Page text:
La Encina Review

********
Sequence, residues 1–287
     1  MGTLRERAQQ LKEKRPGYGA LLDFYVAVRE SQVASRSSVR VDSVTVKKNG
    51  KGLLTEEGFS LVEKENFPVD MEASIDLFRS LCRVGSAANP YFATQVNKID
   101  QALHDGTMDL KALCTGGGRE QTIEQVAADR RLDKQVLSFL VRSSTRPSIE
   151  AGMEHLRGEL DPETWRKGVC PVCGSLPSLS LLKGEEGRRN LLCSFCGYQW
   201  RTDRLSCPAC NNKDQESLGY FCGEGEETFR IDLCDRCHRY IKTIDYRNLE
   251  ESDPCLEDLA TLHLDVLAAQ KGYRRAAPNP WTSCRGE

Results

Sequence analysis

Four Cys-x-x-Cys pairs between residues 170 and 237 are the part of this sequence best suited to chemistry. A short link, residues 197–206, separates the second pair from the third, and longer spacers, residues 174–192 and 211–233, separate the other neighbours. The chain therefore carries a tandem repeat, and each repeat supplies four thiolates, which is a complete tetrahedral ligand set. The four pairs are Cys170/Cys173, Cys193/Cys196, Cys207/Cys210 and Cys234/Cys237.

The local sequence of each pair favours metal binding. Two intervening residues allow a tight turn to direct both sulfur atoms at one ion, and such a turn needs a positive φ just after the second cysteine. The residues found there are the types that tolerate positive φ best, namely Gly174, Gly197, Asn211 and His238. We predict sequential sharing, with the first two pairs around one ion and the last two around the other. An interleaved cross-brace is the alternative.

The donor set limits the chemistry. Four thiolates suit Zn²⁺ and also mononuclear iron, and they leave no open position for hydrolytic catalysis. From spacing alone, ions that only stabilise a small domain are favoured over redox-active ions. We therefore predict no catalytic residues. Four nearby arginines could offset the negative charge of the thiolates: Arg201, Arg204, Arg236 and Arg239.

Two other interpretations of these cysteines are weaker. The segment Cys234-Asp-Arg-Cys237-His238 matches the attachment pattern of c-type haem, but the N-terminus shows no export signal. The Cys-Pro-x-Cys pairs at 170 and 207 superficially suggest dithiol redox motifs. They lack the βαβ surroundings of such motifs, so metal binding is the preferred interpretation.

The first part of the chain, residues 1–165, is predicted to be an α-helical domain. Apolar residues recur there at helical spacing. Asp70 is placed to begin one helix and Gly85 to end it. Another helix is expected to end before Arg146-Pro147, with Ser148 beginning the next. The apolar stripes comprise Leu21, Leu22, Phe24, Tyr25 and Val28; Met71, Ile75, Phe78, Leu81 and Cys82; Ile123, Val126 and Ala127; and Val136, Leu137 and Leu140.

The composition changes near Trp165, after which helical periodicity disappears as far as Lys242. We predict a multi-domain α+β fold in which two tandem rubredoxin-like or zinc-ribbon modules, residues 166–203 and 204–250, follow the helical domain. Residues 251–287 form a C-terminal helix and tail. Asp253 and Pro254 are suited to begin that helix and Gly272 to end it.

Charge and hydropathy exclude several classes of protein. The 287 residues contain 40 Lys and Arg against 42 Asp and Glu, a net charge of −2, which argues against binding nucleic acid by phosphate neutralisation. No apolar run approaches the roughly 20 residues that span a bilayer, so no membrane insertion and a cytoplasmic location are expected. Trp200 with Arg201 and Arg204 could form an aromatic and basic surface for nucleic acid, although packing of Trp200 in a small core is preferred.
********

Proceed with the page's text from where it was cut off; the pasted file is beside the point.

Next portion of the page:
This justly popular restaurant is housed in an 1860s building that also incorporates an 11th-century Moorish well. Time may have stood still with the setting, but the cuisine reflects a modern twist on traditional dishes, including seafood mains like merluza en papillote con almejas y gambas (hake with clams and shrimp, cooked in parchment) or carpaccio de champiñón a lo Idiazábal (mushroom "carpaccio" with Idiazabal, a traditional Basque cheese). There's also a reasonably priced and generous tasting menu (€35), and the wine and gin lists are among the best in the city. The restaurant is fronted by a popular tapas bar (€2.50 including drink) that is generally filled with a boisterous business crowd.
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